• What slowed me down today? Editing two other books. No cure for that, shit's gotta get done. Hopefully this little experiment proves to me you can write and then edit what you wrote right away, so in the future there is no gap between the two processes.
September 19th
  • Pre-Production for 3 hours
  • Drafting for 5 hours
  • Daily Word Count: 7,680 words
  • Total Word Count: 7,680 words
  • What slowed me down today? World-building. What does the Abbey look like? What does the refectory inside the Abbey look like? What would they eat for dinner? What does the Mark of the Bull look like? Should it be a coin or should it be something else? Descriptions bog me down. What should the training room look like? How else could I describe the stone floor, other than "cold" and "hard"? The answers to these questions aren't life-and-death but they still need to be provided to the reader. Our characters can't go from "a room" to "another room." They also wear clothes. CLOTHES! Do the warrior-monks residing in the Abbey of Bronze wear habits? Or would they wear armor all the time?
  • How can I solve this problem? More pre-production next time. I will look ahead in my outline and try to better anticipate these issues. But I feel like these things will always come up. The goal is just to reduce the amount of them.

Tuesday, September 19, 2017

Can a book be written AND edited in 21 days?

I've written some books of my books in less than 21 days, then followed the conventional wisdom about setting them aside for a few months to gain some objectivity and distance from the material before editing.

And here's what happens when I do that--

That novel that took me only a couple weeks to write has now sat on its ass for months and the editing ends up taking foreverrrrrrrr .............. the book I just released, The Dead Girl, was written in March and now here we are, in the middle of September. Did sitting on the story for that long make it significantly better?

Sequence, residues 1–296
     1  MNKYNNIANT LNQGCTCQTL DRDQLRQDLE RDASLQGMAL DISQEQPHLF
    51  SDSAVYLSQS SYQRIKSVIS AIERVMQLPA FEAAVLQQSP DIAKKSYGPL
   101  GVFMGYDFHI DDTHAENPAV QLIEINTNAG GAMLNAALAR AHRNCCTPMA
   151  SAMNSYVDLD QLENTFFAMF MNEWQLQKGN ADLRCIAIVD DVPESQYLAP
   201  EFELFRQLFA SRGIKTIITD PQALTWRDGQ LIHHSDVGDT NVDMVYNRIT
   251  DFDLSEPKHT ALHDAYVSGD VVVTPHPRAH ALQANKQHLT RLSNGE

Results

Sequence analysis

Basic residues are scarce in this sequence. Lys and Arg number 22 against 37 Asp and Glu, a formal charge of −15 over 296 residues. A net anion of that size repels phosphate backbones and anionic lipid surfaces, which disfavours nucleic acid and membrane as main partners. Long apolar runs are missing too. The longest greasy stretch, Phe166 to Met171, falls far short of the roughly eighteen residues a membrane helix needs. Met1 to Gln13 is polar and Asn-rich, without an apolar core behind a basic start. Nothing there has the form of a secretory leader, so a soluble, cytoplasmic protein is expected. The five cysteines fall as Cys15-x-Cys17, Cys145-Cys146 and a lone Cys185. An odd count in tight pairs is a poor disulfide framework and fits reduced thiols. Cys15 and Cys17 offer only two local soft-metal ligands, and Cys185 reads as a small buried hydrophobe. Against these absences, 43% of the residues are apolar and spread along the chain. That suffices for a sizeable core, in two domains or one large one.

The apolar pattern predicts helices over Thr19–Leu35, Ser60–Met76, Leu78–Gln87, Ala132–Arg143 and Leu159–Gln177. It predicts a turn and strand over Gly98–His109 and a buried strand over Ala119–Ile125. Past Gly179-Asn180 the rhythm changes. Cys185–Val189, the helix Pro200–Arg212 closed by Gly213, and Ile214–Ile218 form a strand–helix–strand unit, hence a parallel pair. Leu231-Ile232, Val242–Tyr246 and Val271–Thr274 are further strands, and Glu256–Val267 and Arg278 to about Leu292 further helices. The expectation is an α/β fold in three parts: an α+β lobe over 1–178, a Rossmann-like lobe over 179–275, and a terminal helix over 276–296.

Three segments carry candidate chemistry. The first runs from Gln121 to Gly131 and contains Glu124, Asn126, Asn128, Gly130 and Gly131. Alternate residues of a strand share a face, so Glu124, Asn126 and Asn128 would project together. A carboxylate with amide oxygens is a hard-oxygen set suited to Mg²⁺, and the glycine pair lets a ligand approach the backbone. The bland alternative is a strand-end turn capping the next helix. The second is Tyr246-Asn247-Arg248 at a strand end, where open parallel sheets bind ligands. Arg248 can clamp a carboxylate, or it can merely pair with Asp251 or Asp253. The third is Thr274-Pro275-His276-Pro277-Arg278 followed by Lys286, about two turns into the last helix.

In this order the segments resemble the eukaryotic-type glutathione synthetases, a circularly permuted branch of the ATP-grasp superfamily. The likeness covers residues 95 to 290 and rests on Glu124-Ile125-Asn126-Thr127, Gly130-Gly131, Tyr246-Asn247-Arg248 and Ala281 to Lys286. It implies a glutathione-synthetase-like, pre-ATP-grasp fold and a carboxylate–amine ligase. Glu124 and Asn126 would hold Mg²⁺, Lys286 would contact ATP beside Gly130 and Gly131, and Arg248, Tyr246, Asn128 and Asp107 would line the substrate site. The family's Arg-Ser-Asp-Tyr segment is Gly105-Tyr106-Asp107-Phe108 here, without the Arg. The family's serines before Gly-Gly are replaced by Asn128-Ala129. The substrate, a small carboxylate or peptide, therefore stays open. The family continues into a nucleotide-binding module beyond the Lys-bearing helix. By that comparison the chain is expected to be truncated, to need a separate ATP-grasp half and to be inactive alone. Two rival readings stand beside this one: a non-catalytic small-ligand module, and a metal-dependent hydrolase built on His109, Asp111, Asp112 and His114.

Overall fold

As the writer, I'm probably not in the best position to determine that but a big part of me has a sneaking suspicion that the answer is no. Or at least, the book isn't significantly better. Instead I could have finished writing The Dead Girl, then gone right back to page 1 to start editing. All those glaring typos, unconscious echoing (I've used the word "just" 15x on this page alone), word choice, continuity errors, etc, would probably have jumped off the page just as obviously.

What I have found is that waiting that long to edit a story TAKES ME OUT OF THE STORY. Yes, I have some distance but too much distance isn't a great thing. When I wait a couple months to edit, I'll get to, say, page 30 and then larger question pops up. It goes something like this with my internal monologue in italics:

There's a plot thread I wanted to work out here, but I don't remember if THIS and THAT happened later. Or did I decide NOT to do this and instead DID THAT OTHER THING?

Or did SOANDSO meet up and SAY THIS?

But wait, I did THIS THING OVER SOMEWHERE I think, and so do I really need THIS and THAT here?

When questions like this pop up and I don't know the answer right away, I'm no longer in editing mode. Now I'm in search mode and also in danger of entering the dreaded rewrite mode. I get bogged down and the editing grinds to a halt. If there are significant rewrites, then I feel like I need to set the rewrites aside for a period of time to gain distance and ... you get the idea.

I suspect these same larger questions would still arise if I edited right away. But I also think they'd be easier to answer:

Wait, didn't I want to ... oh no, that's right I did X, Y, and Z later in the book. Good to go.

Oh yeah, I wanted to change this. That means I have to tweak THIS, THAT, and THE OTHER THING OVER HERE. Okay, I can do that quickly.